30 Dec 2022read more
THE quick turnaround times in port for especially cargo vessels guaranteed by the Namibian Ports Authority and a steady increase in cargo volumes despite the COVID-19 pandemic has seen the state owned company’s credit rating being upgraded for a third consecutive year.
International credit rating company, Fitch Ratings, has upgraded the National Long-Term Rating of the Namibian Ports Authority to ‘AAA(zaf)’/Stable Outlook from ‘AA-(zaf)’/Stable Outlook.
The company also affirmed Namport’s National Short Term Rating at ‘F1+’.
According to Tino Hanabeb, the Commercial Executive of Namport, the upgrade from AA to AAA by Fitch Ratings means that Namport is steadily paying back the loan it took from the African Development Bank (AfDB) to finance the construction of amongst others, the new container terminal.
“The upgrade simply means that Namport is currently servicing the AfDB debt from its own resources. Namport is not relying on the Namibian Government as the main shareholder to service the debt despite the government’s guarantee to stand in for 80% of the loan amount,” Hanabeb said.
Since the new container terminal was brought into operation and the subsequent increase in throughput of cargo volumes, Namport’s capacity to keep on servicing the debt from its own resources was solidified.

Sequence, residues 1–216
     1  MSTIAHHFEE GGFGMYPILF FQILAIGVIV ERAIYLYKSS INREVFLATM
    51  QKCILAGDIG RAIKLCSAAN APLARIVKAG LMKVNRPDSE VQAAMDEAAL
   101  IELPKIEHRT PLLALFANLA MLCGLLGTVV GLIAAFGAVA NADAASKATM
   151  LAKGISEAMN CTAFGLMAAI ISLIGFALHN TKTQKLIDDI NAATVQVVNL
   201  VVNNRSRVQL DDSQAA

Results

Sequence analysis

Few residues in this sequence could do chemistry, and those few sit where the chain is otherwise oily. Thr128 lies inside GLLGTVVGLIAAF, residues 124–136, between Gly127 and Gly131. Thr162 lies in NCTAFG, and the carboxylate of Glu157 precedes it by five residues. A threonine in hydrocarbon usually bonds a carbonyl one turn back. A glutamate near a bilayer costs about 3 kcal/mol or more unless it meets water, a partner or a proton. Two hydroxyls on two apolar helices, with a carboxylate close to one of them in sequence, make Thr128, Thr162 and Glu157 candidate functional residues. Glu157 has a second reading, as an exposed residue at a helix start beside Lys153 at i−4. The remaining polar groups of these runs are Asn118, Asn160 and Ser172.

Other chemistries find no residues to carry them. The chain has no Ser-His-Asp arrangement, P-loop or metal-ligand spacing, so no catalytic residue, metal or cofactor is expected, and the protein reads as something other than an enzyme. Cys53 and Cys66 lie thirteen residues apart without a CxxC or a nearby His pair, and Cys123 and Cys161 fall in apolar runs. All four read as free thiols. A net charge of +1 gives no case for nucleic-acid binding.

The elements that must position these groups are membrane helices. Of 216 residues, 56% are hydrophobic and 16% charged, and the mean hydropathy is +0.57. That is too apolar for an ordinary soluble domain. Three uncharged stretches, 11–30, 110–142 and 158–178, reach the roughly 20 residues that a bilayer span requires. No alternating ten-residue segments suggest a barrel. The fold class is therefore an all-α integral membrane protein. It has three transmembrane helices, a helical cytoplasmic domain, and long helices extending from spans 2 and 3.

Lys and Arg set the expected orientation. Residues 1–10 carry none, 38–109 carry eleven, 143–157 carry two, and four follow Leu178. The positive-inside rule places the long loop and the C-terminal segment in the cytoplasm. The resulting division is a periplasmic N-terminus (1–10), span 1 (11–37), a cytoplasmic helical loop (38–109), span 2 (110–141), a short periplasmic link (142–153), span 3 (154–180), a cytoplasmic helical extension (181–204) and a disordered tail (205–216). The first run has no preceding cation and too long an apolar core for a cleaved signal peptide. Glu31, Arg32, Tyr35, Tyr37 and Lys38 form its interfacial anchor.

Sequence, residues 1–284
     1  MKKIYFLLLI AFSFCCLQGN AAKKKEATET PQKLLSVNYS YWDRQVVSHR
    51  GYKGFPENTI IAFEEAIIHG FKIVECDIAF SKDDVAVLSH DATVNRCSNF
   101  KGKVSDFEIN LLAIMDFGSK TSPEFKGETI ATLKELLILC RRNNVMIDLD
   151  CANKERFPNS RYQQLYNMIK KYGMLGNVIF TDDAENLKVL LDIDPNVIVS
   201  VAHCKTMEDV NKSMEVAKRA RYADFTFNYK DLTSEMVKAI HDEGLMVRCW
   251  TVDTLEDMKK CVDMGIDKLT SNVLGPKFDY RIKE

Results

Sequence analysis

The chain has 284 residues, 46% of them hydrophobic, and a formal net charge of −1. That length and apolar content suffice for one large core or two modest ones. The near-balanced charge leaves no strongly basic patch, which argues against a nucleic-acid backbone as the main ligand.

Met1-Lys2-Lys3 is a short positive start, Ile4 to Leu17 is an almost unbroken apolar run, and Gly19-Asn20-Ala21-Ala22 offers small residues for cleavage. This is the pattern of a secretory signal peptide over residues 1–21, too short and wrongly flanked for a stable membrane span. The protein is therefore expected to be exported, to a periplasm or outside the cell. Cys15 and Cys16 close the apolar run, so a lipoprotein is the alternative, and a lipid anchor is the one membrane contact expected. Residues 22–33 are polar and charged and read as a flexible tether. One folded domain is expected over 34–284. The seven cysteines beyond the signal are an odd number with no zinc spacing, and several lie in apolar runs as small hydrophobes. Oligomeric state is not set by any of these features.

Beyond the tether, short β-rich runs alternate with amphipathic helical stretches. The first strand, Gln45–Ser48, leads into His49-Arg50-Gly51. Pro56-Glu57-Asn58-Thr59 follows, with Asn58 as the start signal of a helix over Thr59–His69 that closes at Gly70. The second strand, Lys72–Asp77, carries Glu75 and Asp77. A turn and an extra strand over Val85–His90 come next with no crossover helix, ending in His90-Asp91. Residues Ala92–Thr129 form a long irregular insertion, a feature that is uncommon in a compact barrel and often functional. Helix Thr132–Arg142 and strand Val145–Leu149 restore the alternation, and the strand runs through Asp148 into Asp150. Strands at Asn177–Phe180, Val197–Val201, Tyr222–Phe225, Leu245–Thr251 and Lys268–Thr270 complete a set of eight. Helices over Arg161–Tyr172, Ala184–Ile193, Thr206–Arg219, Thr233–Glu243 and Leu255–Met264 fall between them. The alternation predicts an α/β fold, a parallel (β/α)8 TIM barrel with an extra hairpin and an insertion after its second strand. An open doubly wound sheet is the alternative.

This strengthening of the state owned company’s position carries the approval of the main international rating companies such as Fitch and Moody’s.
Namibia kept its harbours open for cargo to assist neighbouring landlocked countries to continue trading despite the COVID-19 lockdowns that were imposed by these countries.
President Hage Geingob at the end of last week during a virtual summit with other African heads of state said the COVID-19 pandemic has brought interdependency of Namibia and its neighbours into the limelight.
The summit was convened by South African President Cyril Ramaphosa in his capacity as Chairman of the African Union.
“Namibia will continue to keep ports and harbours open in order to facilitate the movement of goods to landlocked neighbours and beyond,” Geingob informed his counterparts.
Lockdown measures applied in those countries resulted in the closure of several of the major harbours in the southern African region.
Staged lifting of these measures also resulted in congestion at the major harbours.
All the major shipping lines chose Walvis Bay as an alternative port to discharge and take on cargo which strengthened the Namibian Ports Authority’s position in the global logistics market and resulted in the upgrade by Fitch Ratings for a third consecutive year.
The arrival of three more container vessels scheduled at the port of Walvis Bay for their maiden calls during the remainder of May is further strengthening the notion that the port is growing in significance as a smart alternative for landlocked countries in Southern Africa.